AFRICAN countries have embarked on a fight against misinformation in efforts to boost Covid-19 vaccination numbers, which remain low compared to other regions globally.
According to the World Health Organisation, information shared by a range of African countries indicates that mistrust and misinformation are driving down demand for life-saving jabs.
African governments are keen to send out factual messages to woo more people to take the vaccines, and ultimately better protect the continent’s population.
In Ghana, the government has set up a Misinformation and Rumour Management Taskforce, which works at the national and regional levels to address false claims.
Senegal on the other hand has rolled out toll-free call centres to provide the public with facts to uncertain members of the public.
Botswana has surveyed its population to understand overall risk perception and then taken to social media with its #ArmReady campaign to increase public demand.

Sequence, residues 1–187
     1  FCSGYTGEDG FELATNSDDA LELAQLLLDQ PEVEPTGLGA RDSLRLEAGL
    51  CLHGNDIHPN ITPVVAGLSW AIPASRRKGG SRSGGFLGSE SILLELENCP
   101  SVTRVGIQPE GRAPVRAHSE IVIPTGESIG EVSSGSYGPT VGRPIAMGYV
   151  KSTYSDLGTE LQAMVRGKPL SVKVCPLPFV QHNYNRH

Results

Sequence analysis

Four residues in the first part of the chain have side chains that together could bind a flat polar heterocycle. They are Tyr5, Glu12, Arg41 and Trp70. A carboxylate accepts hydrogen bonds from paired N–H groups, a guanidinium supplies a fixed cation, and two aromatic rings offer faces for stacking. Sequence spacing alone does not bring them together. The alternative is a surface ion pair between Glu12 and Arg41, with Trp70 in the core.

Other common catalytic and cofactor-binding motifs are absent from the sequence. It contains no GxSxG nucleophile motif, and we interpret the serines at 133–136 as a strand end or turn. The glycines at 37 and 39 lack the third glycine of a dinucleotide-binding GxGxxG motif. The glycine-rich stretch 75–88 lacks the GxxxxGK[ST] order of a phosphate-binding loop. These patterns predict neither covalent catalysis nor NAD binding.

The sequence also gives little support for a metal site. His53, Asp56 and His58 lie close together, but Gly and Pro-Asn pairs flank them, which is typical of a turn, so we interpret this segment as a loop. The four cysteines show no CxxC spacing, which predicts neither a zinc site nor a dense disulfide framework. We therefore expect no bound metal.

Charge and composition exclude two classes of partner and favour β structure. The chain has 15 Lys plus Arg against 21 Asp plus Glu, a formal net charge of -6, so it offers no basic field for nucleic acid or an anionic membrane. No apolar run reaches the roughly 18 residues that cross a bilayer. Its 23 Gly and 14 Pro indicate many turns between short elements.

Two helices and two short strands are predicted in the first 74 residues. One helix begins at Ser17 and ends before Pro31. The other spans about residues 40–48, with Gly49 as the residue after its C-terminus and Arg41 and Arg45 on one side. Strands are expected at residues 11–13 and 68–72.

Continentally, the WHO-hosted Africa Infodemic Response Alliance (AIRA) brings together African fact-checking organisations, big data, AI and innovation bodies and leading inter-governmental and non-governmental organizations to share facts around Covid-19 and vaccines.
‘Fighting misinformation that fuels vaccine hesitancy is by no means easy,’ says Dr. Gilson Paluku, an Immunisation Officer covering central African countries for WHO. ‘Low demand is contributing to low uptake.’
‘Misinformation is omnipresent, and when vaccine hesitancy affects uptake, countries face the logistical nightmare of having to quickly redistribute doses so none are wasted,’ he added.
Data from the WHO indicates that only 3 percent of the almost 8 billion doses given globally have been administered in Africa, and only around 8 percent of Africans are fully vaccinated, compared with more than 60 percent in many high-income countries.
The continent has so far reported more than 9.35 million Covid-19 infections with 226,960 fatalities.